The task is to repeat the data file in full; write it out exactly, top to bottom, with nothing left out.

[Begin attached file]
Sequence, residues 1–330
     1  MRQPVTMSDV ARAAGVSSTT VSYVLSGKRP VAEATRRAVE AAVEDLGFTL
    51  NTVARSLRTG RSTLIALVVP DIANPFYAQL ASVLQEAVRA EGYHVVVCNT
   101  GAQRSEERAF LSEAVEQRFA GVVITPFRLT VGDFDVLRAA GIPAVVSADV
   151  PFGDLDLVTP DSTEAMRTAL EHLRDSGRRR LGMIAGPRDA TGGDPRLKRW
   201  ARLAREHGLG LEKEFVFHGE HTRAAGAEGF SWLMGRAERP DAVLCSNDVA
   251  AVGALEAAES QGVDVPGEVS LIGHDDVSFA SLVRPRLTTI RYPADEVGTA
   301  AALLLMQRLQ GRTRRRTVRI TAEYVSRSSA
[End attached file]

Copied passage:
Sequence, residues 1–330
     1  MRQPVTMSDV ARAAGVSSTT VSYVLSGKRP VAEATRRAVE AAVEDLGFTL
    51  NTVARSLRTG RSTLIALVVP DIANPFYAQL ASVLQEAVRA EGYHVVVCNT
   101  GAQRSEERAF LSEAVEQRFA GVVITPFRLT VGDFDVLRAA GIPAVVSADV
   151  PFGDLDLVTP DSTEAMRTAL EHLRDSGRRR LGMIAGPRDA TGGDPRLKRW
   201  ARLAREHGLG LEKEFVFHGE HTRAAGAEGF SWLMGRAERP DAVLCSNDVA
   251  AVGALEAAES QGVDVPGEVS LIGHDDVSFA SLVRPRLTTI RYPADEVGTA
   301  AALLLMQRLQ GRTRRRTVRI TAEYVSRSSA